Tag:Kevin Durant
Posted on: October 12, 2011 3:02 pm

Young players to see appeal drop during lockout

Posted by Royce Young

Lost games do a lot of things. It ticks off fans and it loses money for both players and owners. But that's just the obvious stuff. Losing games has an underside that affect a number of different things. One being player appeal and marketability. Which if you weren't paying attention, is one way players make a hefty part of their income.

Via USA Today, the lockout has already had a pretty major impact on players' marketability and that's before games were even being missed.
It appears that established, veteran players are stable. The younger ones, however, are taking most of the hit from consumers. According to Henry Schafer, executive vice president of The Q Scores Company which measures consumer appeal of athletes and other personalities, the rating for Blake Griffin, Derrick Rose, John Wall and Danny Granger dropped from an average of 21 in March to 14 last month. Dirk Nowitzki was the only NBA player with a better Q score (from 18 to 25 during the same span), a likely reflection of winning his first NBA title with the Dallas Mavericks. He also hasn't been active in the lockout.
And like I said, that's without even a single game being lost yet. That's just from a few dark summer months. So imagine what's to happen if the lockout starts dipping its toe into December, January or even more. What were once shining beacons of the league, players like Griffin, Kevin Durant, Rose and John Wall will see their profile drop dramatically.

Which is something the league thrives on. Whether the league wants to admit it or not, the NBA is a league of stars and right now it's in a great place in that department because there are 20 or so young players with a bunch of starpower. But set their profile and appeal back and not only have you hurt their endorsement opportunities, but you've always indirectly damaged the faces of the league.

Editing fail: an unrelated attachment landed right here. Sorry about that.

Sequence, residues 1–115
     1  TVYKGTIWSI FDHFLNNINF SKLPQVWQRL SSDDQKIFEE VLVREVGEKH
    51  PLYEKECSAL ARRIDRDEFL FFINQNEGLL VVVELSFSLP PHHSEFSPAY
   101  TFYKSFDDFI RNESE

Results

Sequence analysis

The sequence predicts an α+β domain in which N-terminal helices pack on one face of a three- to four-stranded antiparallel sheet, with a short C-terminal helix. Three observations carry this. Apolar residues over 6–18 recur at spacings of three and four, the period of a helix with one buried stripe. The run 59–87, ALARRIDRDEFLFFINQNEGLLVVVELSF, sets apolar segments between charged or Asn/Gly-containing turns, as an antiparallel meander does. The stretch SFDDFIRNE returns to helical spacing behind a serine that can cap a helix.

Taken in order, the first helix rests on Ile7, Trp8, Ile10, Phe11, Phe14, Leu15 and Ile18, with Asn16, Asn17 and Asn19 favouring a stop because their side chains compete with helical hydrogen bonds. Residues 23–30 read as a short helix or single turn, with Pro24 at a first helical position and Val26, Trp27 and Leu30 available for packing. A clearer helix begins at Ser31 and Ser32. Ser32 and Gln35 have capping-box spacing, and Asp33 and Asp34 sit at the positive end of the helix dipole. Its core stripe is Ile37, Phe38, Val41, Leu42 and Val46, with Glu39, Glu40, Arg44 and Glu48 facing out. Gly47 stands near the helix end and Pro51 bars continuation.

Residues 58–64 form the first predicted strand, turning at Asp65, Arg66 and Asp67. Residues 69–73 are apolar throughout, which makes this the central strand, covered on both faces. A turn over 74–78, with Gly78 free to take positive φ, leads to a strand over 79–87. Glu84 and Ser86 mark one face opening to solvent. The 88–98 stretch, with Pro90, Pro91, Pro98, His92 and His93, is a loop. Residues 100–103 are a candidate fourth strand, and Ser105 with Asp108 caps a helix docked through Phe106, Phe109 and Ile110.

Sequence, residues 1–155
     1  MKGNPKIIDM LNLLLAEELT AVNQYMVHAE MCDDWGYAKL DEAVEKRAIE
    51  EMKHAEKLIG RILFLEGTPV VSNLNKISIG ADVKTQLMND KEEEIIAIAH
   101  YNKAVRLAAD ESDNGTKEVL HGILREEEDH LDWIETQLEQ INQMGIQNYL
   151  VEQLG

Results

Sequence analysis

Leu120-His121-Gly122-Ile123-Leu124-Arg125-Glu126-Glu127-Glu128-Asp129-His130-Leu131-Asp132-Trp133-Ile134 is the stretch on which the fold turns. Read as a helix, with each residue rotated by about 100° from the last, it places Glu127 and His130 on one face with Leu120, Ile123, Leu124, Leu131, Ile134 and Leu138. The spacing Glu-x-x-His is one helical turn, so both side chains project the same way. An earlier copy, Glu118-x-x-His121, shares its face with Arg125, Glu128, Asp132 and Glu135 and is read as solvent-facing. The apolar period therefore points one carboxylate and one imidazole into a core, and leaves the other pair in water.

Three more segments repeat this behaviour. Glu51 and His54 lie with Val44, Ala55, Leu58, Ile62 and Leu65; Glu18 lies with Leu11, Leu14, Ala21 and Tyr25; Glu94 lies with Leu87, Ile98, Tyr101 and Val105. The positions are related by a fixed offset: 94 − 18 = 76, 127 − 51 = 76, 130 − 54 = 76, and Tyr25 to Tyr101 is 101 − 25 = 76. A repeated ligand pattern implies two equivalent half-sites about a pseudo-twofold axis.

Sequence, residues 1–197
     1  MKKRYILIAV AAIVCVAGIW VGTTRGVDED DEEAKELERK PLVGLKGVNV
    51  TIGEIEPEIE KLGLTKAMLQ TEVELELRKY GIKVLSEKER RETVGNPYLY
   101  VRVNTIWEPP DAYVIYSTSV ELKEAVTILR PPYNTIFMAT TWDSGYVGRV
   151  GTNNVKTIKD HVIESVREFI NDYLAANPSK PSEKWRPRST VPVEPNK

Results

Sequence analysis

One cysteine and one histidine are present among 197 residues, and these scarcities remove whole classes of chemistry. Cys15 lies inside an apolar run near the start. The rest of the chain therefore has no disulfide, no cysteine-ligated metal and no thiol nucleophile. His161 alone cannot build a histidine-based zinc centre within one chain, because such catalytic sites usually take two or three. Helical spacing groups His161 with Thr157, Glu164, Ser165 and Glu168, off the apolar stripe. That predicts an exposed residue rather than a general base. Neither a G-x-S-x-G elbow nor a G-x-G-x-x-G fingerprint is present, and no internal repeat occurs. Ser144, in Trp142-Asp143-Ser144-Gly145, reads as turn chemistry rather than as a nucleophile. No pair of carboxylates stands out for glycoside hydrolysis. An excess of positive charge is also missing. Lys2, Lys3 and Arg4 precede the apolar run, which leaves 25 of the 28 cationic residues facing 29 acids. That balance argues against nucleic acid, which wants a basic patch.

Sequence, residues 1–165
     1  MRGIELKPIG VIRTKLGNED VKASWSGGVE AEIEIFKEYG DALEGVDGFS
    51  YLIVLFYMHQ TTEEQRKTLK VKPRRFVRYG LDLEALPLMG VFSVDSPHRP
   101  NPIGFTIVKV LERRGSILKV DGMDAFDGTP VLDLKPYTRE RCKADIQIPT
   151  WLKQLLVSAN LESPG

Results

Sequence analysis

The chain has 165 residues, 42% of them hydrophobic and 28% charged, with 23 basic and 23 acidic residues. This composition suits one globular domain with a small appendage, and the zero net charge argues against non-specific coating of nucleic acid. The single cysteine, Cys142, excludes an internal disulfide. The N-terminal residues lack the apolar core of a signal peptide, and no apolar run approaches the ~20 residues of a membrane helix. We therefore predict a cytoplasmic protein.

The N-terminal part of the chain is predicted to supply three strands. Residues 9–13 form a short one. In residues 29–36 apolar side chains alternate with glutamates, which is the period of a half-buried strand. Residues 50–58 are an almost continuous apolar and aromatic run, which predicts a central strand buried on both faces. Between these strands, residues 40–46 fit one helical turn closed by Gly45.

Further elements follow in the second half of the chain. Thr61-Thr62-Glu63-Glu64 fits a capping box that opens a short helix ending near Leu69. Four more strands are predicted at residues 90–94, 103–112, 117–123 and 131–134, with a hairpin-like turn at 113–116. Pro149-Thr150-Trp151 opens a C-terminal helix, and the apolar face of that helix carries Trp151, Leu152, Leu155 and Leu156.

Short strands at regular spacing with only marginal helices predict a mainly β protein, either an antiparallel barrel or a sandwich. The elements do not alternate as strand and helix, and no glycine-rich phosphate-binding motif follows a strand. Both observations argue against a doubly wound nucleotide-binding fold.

Without games, people kind of just forget. Without Griffin's dunks highlighting SportsCenter, without slick Rose YouTube clips of him breaking ankles making the rounds all over the Internet, the casual fan will put their time, and money, into other things. The NBA has always taken a back seat to the NFL until February. You can only imagine how far that seat will be back if the NBA's not even playing games.

With lost games, there's a laundry list of ramifications. You know the league -- and the players -- know all about what's coming as a result. As David Stern said, enormous consequences.
Posted on: October 11, 2011 10:54 am
Edited on: October 11, 2011 1:18 pm

Hey players: Quit treating us like we're stupid

Posted by Royce Young

I'm on the players' side. Let me get that out there first.

I see their position as more reasonable than the owners'. I've never liked the idea of the owners trying to guarantee themselves profits. I've never liked the reality that they are probably negotiating without the intention to really get a deal done before games are lost. I don't like the idea that they are asking for so much -- salary cuts, grand system changes and major revenue concessions from the players.

If I was drawing a line in the sand, I'm going to stand on the players' side.

That said, I really wish they would shut up.